This should increase your overall supply.  Nursing mothers will have full, uncomfortable breasts for a few days after a growth spurt.  Their body will then naturally lower the milk supply to match the baby.  However, since you pump, you should be able to maintain this increase!  When you need more milk, just power-pump again!

I tried to power-pump at least once a month when I had babies.

How to Exclusively Pump Part 3: Mental and Emotional Support

How to exclusively pump

Find a support system

Lastly, what you really need to have a good supply is a good support system.  If you are stressed about pumping and want to throw in the towel, having support is vital.

One of the best places I found support was through Facebook groups.  There are several different Facebook groups that are devoted to women who are exclusively pumping.  It’s a great place to ask questions, get advice, and interact with other women who are in the same place you are.  Odds are, they’ll also be up at 2 am pumping when you are, so you can have someone to talk to!

Keeping things in perspective

This may be a difficult journey, and exclusively pumping may not be what you had planned.  It definitely wasn’t how I envisioned I would feed my baby.  But I ended up loving it so much more than nursing, and it was the best fit for my family.

Just remember, every ounce of that liquid gold is worth it.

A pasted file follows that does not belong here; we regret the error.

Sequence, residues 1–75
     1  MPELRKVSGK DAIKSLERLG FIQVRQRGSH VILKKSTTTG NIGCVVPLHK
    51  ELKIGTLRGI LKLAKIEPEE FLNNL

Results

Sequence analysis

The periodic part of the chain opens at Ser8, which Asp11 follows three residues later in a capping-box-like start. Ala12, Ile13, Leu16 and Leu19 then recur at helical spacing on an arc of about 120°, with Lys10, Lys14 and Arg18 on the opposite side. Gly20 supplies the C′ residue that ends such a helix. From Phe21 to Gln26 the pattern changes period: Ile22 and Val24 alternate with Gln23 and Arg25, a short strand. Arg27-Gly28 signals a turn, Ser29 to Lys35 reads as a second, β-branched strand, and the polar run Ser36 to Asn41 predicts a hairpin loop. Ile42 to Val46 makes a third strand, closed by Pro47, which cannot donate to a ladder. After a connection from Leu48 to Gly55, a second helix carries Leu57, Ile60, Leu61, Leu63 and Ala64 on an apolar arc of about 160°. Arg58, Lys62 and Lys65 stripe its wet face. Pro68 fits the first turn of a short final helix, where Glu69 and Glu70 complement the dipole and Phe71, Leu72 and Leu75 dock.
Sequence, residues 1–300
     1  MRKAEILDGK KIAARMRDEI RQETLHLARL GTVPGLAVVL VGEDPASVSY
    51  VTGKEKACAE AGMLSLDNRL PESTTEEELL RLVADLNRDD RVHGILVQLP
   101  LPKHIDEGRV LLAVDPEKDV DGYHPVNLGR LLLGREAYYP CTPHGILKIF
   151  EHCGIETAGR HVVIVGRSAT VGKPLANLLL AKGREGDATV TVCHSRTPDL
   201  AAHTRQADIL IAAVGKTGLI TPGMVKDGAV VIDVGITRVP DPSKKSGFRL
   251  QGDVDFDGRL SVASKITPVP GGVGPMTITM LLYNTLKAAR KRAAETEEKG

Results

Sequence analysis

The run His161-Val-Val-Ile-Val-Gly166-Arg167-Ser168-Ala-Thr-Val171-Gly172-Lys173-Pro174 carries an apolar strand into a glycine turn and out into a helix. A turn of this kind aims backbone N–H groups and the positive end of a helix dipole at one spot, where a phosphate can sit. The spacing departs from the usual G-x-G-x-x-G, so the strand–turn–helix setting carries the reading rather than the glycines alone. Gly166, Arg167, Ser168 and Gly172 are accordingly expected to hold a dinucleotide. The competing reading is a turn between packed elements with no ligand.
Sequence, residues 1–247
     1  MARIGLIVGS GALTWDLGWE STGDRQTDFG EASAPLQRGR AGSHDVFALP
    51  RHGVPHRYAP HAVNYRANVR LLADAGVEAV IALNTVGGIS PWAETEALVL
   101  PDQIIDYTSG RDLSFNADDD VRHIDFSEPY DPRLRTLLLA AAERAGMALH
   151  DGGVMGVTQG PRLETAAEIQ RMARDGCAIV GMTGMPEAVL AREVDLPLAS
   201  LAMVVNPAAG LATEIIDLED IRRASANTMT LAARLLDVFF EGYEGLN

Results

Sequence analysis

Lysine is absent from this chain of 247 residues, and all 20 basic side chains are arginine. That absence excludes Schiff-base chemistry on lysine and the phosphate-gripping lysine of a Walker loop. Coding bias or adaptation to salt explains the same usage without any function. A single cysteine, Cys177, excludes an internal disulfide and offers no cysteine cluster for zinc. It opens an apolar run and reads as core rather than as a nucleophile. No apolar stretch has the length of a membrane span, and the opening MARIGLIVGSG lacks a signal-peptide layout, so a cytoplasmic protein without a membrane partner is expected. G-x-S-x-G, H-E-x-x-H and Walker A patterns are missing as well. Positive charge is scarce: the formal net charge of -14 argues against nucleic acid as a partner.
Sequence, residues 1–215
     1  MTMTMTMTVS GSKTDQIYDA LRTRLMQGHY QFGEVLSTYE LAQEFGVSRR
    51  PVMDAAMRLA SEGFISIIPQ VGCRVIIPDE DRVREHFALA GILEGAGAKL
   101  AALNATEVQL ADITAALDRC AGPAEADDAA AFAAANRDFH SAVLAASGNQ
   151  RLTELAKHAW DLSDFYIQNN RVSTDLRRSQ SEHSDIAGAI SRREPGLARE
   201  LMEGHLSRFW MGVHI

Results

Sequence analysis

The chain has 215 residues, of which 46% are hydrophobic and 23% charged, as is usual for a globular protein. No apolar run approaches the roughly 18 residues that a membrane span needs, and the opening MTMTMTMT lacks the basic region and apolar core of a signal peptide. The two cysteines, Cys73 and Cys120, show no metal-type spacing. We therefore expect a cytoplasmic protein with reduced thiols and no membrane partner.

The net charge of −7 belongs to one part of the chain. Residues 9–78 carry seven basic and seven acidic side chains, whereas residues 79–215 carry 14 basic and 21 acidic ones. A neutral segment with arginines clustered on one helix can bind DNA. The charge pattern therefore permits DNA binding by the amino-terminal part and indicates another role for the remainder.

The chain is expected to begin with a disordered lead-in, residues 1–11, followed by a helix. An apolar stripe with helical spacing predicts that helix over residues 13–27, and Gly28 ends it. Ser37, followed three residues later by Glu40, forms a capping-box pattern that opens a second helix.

If you have to supplement with formula, you are not a failure.

Even if you do every one of these tips and only get 5 oz per day, you are not a failure.

Each ounce of breastmilk that comes from your body goes towards helping your child grow and builds their immune system.  But more important, fed is best.  If it just isn’t working out at all and is damaging how you feel about your worth as a mother, then let it go.  Purchase some formula, and enjoy snuggling your baby.

In the end, those snuggles and love will help your child more than anything.

Do you have any questions about exclusively pumping?

Leave me your question in the comments and I will answer!

And if you’re just starting out on your breastfeeding journey, don’t miss the 5 must-dos for breastfeeding success.


Tiffany Thomas is a former math teacher and SAHM who loves finding good deals!  She and her husband, who is an engineer, work together on The Crazy Shopping Cart.  They enjoy spending time with their family, geeking out over sci-fi together, and saving money.